JACKSON, Miss.—Mississippi Delta communities deserve equitable broadband access and transparency as the State decides how to use a $1.2 billion federal grant for expanding high-speed internet infrastructure, a coalition of activists and residents from the Magnolia State’s most impoverished region said from the steps of the Mississippi Capitol Building this week.
The Delta is Mississippi’s most impoverished region and many residents still lack broadband access.
“Oftentimes people come to the Mississippi Delta from outside of the Delta and tell us what they think we should have,” Mississippi House Rep. Otis Anthony, D-Indianola, said on Monday. “But this is what we’re looking for: We will continue to emphasize the importance of equitable broadband access for all of our communities.”
In June 2023, the U.S. Department of Commerce National Telecommunications and Information Administration announced a $42.45 billion grant program focused on expanding high-speed internet access in all 50 states as part of President Joe Biden’s Investing in America Agenda.
‘We Must Close This Digital Divide’
Communities across Mississippi have dealt with a lack of access to reliable broadband for years. That reality hit residents hardest when the COVID-19 pandemic led to restrictions on in-person work and school, requiring children and adults alike to access their work virtually.
Rep. Anthony said on Monday that if those funds are used to increase broadband access equitably, it will mean better health-care services, public education and workforce development opportunities in Mississippi’s rural communities.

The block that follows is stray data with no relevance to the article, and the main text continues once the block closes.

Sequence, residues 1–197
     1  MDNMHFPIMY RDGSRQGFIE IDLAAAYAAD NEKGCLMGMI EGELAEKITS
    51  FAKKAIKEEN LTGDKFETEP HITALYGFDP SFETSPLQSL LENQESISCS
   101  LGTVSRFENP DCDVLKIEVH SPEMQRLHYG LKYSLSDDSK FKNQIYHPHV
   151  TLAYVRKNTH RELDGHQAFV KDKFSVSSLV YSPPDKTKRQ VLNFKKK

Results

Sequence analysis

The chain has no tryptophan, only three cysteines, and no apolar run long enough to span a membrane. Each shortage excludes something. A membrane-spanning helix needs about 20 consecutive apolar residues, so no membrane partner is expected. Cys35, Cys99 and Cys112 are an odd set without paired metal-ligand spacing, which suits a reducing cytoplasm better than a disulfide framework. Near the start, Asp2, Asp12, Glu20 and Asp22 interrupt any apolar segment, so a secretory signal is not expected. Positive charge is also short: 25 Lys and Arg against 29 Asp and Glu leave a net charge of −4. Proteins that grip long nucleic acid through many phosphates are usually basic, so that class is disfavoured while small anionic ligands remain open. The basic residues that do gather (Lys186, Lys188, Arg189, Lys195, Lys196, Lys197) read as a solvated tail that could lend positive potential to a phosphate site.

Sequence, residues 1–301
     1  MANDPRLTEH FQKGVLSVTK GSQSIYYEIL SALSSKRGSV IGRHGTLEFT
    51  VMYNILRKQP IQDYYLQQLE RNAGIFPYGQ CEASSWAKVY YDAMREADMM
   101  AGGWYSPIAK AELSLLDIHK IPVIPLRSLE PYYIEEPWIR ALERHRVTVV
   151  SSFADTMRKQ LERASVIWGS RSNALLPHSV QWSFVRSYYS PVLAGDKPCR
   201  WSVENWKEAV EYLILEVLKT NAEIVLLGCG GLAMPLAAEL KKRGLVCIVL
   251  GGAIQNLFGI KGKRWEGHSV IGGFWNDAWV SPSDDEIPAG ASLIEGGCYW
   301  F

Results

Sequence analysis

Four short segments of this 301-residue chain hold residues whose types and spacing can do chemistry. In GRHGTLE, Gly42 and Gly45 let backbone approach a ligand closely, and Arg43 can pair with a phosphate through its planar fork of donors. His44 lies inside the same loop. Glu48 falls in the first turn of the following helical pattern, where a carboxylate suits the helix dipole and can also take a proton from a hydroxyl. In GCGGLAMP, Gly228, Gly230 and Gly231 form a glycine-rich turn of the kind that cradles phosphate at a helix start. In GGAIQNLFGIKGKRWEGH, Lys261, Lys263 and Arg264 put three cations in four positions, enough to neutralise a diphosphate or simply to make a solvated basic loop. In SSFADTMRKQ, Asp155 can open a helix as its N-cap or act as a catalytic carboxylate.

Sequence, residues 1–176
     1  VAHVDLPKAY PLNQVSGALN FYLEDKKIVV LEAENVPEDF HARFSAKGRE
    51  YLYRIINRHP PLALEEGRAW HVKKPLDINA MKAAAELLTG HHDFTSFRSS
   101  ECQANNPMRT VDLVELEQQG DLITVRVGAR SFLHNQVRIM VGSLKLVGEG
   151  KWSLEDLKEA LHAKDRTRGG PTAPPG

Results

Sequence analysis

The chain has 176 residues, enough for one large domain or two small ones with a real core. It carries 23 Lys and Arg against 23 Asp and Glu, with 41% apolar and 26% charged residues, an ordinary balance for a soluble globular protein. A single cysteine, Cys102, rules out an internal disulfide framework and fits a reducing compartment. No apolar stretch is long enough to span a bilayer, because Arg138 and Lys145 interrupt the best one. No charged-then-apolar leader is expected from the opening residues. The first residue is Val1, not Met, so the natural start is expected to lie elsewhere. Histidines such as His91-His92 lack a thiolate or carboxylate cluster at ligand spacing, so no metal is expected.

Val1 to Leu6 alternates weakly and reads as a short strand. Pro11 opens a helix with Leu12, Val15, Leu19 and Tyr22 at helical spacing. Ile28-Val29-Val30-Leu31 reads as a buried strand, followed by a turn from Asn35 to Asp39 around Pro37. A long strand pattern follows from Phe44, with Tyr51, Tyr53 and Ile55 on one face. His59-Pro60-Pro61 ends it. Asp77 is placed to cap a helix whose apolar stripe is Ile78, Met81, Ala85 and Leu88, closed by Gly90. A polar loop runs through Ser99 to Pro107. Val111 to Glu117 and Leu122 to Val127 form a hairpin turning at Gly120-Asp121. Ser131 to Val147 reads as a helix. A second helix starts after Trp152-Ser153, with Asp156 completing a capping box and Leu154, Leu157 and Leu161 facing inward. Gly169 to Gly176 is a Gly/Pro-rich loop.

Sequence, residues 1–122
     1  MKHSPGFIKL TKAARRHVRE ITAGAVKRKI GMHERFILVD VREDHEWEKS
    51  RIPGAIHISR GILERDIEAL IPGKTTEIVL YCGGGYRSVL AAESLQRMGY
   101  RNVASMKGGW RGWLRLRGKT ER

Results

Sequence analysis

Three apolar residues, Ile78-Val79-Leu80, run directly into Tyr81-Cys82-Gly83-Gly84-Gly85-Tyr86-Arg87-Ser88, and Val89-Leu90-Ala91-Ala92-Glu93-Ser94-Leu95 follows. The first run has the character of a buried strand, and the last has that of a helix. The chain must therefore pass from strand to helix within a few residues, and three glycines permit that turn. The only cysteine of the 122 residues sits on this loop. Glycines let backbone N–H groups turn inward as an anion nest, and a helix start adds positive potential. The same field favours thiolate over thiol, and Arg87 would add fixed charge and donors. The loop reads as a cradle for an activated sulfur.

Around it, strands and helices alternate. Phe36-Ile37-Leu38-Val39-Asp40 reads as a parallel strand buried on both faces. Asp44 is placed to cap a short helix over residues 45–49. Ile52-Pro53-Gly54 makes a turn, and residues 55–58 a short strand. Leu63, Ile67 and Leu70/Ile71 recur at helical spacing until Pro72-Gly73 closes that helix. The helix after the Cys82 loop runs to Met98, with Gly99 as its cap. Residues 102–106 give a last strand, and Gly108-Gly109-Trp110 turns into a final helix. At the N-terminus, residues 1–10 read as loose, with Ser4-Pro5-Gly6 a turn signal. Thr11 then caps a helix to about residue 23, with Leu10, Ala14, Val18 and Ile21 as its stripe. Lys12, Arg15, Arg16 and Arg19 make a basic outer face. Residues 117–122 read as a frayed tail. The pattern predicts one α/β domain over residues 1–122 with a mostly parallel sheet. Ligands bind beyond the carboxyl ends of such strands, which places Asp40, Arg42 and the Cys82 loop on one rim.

“We must close this digital divide,” Anthony continued. “Equitable access to broadband ensures that every corner of Mississippi—I can’t stress that enough, every corner of Mississippi, including those underserved minority communities—have the same access, the same educational and economic opportunities as those in urban areas.”
Mississippi House Rep. Otis Anthony, D-Indianola, is part of a coalition of Mississippi Delta residents urging the Office of Broadband Expansion and Accessibility of Mississippi to be open about how funds will benefit the state’s underserved communities. Photo by Shaunicy Muhammad
Activists said BEAM failed to adequately engage Mississippi’s underserved communities in conversations about their plans. BEAM’s Five Year Action Plan outlines over 20 community engagement meetings the
Read original article by clicking here.